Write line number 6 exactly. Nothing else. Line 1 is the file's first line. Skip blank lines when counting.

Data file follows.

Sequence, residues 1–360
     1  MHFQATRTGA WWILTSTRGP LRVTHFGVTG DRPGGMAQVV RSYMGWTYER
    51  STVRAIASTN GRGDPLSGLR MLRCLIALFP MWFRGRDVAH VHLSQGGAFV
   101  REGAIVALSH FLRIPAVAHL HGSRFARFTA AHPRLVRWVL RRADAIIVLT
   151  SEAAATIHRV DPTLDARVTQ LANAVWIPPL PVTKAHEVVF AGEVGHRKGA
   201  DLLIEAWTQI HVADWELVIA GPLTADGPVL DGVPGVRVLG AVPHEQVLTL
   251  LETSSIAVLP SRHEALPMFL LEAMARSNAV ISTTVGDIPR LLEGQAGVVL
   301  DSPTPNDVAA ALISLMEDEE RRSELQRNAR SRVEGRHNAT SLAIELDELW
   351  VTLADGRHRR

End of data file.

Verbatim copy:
   201  DLLIEAWTQI HVADWELVIA GPLTADGPVL DGVPGVRVLG AVPHEQVLTL